Everyone deals with clutter from time to time. But for the 3-5% of Americans who are compulsive hoarders, it goes beyond the occasional mess, preventing hoarders and their families from leading safe, healthy lives. Are you living with a compulsive hoarder?
What Defines Compulsive Hoarding?
For hoarders, it is difficult to get rid of possessions, regardless of value. Commonly hoarded items include valueless things such as newspapers, magazines, and even permanently broken appliances. The issue is not that people keep these items. It’s the quantity of items that sets compulsive hoarders apart, resulting in emotional, physical, relationship, financial, and even legal damage to the hoarder and their family members.
Warning Signs & Symptoms of Hoarding
Though hoarder behavior is not stereotypical, as the extremely-severe cases seen on TV, there are commonalities:
- Inability to Get Rid of Things
Compulsive hoarders cannot be nagged into cleaning up. Despite feeling overwhelmed and helpless, sufferers of this mental illness typically respond in anger or defensiveness, requiring professional help to deal with emotions beneath their hoarding compulsion to move forward.
- Severe Anxiety about Discarding Items
This disorder transcends messiness. Currently categorized as an anxiety disorder, hoarding shares symptoms with obsessive-compulsive disorders. Therapy, and sometimes medications, are often needed for hoarders to gain the capacity to discard items.
- Denial there is a Problem
Defensive on confrontation, hoarders are unable to recognize problematic living conditions, citing objects as useful or irreplaceable.
- Obsessive Thoughts and Actions
Hoarders often fear running out of an item/needing it in the future. They may even check the trash, worrying over the unintentional disposal of objects.
- Compulsive Buying
From overbuying to collecting free stuff, warning signs of hoarding include repeatedly coming home with more than intended, and items that sit unused/unopened.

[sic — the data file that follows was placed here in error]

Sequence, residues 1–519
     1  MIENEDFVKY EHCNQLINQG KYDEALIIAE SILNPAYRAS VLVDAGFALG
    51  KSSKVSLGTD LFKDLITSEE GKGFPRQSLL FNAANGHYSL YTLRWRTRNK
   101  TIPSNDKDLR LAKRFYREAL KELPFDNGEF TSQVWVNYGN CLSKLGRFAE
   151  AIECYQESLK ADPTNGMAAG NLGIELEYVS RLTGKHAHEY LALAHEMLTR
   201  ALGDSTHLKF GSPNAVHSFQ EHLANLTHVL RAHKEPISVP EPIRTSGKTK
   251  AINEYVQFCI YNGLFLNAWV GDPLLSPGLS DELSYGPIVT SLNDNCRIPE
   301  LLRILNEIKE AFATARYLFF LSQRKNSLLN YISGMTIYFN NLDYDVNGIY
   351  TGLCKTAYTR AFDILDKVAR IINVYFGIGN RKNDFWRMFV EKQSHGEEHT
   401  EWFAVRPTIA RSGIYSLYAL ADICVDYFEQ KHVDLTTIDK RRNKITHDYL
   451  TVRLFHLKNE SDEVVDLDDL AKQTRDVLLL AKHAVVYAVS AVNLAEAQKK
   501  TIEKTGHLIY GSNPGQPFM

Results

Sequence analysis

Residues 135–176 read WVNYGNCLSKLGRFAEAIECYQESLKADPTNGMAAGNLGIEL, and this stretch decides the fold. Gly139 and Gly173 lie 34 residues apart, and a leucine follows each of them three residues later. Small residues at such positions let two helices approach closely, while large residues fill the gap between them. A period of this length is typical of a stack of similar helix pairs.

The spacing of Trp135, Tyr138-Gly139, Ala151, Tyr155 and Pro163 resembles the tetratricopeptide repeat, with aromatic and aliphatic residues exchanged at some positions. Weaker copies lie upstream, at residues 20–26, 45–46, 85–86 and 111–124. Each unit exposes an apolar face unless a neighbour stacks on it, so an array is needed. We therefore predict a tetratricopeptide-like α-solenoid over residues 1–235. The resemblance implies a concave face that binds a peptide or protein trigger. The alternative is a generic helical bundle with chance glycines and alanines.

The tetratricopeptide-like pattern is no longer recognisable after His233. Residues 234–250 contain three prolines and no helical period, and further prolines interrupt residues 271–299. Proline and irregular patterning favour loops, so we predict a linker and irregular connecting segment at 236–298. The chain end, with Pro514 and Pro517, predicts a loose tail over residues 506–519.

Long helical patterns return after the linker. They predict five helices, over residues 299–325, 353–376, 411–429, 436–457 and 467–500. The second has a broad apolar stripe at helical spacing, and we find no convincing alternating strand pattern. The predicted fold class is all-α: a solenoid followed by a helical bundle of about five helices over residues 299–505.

- ‘Clutter Blindness’
Compulsive hoarders do not see how their home looks to others. Has someone you trust expressed concern about your potential hoarding tendencies?
- Chronic Disorganization that Impedes Daily Activities
Hoarders have extreme difficulty sorting/organizing possessions. Constantly looking for things (keys, wallet, phone…) they are chronically late, having problems just getting through the day in an environment surrounded by randomized clutter.
- Fear of Others Touching Things
Hoarders are overprotective of their belongings, quickly becoming angry when others touch their things for fear of damage.
- Hoarded Items Have No Value
Compulsive hoarders keep everything from junk mail to broken appliances and clothes that haven’t been worn in years, believing they may be of use some day.
- Parts of the Home Become Unusable
The home of a compulsive hoarder is striking. Furniture is often moved to the room center as the periphery is stacked higher and higher with useless items, leaving only room for small pathways to a chair, bed, or room.
- Living Conditions are Unhealthy or Dirty
Hoarders often live in dirty, unsanitary conditions that adversely affect the health of all in the home. Longstanding soiled dishes, laundry, and toilets are not uncommon.
- Refusal to Invite Company Into the Home
Hoarders (and live-in family) are often socially isolated, ashamed or afraid to let others in their homes and turning away from family and friends to better hide the problem.
- The Collection of Not Just Things, but Animals
In some cases, OCD tendencies lead to too many pets as well, further contributing to messy and unsanitary living conditions as hoarders are unable to properly care for animals.
The Five Stages of Hoarding:
- Level One: Some clutter. Doors and stairways accessible. Home remains safe and sanitary.
- Level Two: Clutter in 2+ rooms. One exit blocked. Limited housekeeping: Light mildew in kitchen/bath, overflowing waste bins, some visible pet waste, odors.
- Level Three: One bed/bath unusable. Strong odors. Heavily soiled food prep areas. Excessive pets. Thick dust. Visible clutter outdoors.
- Level Four: Sewage backups. Hazardous wiring. Rotting food on counters. Pest infestation in bedrooms. Pet damage and flea infestation.
- Level Five: Disconnected electric/water. Kitchen and baths unusable. Rodent infestation. Human and animal feces present.
Living With a Hoarder - What Do I Do?
Living with a hoarder can be emotionally draining. Fighting and demands will not help. This mental condition requires the help of a trained professional – and a lot of patience and understanding. Educate yourself on the condition, looking for the psychological reasons behind hoarding tendencies. Recommend professional assistance. Well-trained counselors will not barge in and toss items in the trash. They will work side-by-side with your loved one, treating and improving the condition as gradual progress I made. Seek help for yourself as well, including counseling and improved living arrangements should you feel your safety and health is at-risk.
Ready for a fresh start? Look to the understanding services of Rainbow International® to help you forge a new path. Contact us today.